Saturday, March 31, 2007

Over My Head by Claudia L. Osborn

Claudia Osborn loved being a doctor, but when a truck hit the bicycle she was riding, her life changed forever. This book recounts her injury and recovery/rehab, focusing on the rehab process which was, for her as a doctor, a particularly harrowing experience. I was amazed as she, time and again, somehow managed to get herself to her place of rehab, right in the middle of Manhattan, which, with all of its bustle, is a far cry from the ideal place for a person with brain injury. Osborn frankly writes of her inability to process her surroundings, her inability to remember processes that people without brain injuries take for granted like getting ready to go out for the day--showering and getting dressed--or buying groceries. In one memorable chapter, she thinks she has tissues in her pocket, only to, step by step, realize that what is in her pocket is the bra she was supposed to wear that day. It takes her five or six steps, including actually removing and uncrumpling the bra, to realize this. Osborn’s straightforwardness is, at times, unnerving.

As a memoir written by a person who suffered brain injury (most brain injury memoirs are written by parents or spouses), this book offers a unique and very readable perspective. Osborn, while she obviously loved the life she had, openly shares her process of learning to accept her new limitations and to reshape her life to accentuate her remaining and new skills.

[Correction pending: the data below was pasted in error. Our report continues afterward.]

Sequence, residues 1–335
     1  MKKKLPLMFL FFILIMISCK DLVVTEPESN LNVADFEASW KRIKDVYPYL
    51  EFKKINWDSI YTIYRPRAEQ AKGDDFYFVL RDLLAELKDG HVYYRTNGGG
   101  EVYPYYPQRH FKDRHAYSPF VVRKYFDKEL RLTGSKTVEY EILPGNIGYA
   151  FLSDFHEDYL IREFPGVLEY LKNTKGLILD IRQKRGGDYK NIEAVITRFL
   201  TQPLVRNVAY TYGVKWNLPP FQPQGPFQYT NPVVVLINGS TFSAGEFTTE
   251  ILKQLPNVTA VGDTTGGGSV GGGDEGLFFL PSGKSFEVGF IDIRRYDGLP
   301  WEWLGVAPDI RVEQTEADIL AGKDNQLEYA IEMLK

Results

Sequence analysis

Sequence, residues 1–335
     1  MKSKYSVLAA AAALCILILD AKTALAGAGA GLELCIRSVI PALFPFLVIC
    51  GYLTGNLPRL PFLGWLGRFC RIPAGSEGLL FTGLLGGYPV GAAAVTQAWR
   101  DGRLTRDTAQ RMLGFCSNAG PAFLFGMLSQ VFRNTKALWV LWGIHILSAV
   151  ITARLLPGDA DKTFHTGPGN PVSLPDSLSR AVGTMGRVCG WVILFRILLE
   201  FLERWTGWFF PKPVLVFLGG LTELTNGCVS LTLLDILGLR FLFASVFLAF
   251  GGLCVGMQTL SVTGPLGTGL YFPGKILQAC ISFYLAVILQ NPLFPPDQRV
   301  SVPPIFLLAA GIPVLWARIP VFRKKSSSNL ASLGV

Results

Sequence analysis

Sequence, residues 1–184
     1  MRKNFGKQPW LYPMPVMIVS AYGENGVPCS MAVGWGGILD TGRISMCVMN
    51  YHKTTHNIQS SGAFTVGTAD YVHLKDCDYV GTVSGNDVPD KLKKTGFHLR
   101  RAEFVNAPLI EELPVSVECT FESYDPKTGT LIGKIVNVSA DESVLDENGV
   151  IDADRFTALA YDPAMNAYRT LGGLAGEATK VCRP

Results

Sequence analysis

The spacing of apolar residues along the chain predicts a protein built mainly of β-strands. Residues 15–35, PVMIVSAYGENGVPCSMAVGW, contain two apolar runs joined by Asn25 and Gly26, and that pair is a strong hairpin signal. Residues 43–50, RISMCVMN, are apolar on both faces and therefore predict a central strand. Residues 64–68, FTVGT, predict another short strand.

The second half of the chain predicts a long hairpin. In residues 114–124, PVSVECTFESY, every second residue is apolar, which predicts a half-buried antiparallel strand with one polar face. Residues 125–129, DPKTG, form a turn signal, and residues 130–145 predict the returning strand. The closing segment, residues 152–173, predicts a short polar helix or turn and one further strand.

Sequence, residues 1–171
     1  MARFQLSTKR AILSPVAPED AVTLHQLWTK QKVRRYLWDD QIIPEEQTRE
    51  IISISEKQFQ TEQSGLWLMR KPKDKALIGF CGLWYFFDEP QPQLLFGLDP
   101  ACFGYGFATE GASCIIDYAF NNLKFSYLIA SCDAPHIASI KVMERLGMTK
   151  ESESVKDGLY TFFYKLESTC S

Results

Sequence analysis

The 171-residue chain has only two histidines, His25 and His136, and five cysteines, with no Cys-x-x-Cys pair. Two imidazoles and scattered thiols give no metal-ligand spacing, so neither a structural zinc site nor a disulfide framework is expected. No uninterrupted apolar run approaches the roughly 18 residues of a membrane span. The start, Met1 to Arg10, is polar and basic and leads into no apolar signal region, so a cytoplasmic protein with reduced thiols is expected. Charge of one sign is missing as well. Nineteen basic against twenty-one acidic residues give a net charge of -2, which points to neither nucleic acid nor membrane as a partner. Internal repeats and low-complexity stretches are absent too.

Saturday, March 03, 2007

Better Than Running at Night by Hillary Frank

Better Than Running at Night is about an art student named Ellie and her attempt to create/define a relationship in terms of love, physical attraction, and sex. Her other pursuit—art—seems secondary and fairly effortless. Ellie is a normal college freshman; more so, perhaps, than her peers at art school (who go out of their way to be extremely weird), which serves to make her a more sincere narrator. The story itself, however, involves too much navel-gazing, which will be tiresome for readers older than the teen crowd the book is intended for. Ellie is a passive narrator, and her fellow characters remain pretty static from beginning to end, seeming more like the objects Ellie draws than characters. What compels the reader to keep going is merely to see how it ends, not any particular investment in the outcomes for any of the characters. But at least it does compel the reader to keep reading.

Ellie’s narrative voice is frank, and at times it's funny, even witty; when it is, her voice is similar to the narrator of Speak (by Laurie Halse Anderson). The short chapters also remind me of Speak, which may encourage readers with short attention spans to give this book a try. Also appealing to its teenage audience will be the steamy (but not smutty) sex scenes.

(Readers of this book should be in at least high school; the sexy parts would probably be a bit much for middle school readers, and I’m pretty sure most parents would be appalled to find their 7th or 8th graders reading this.)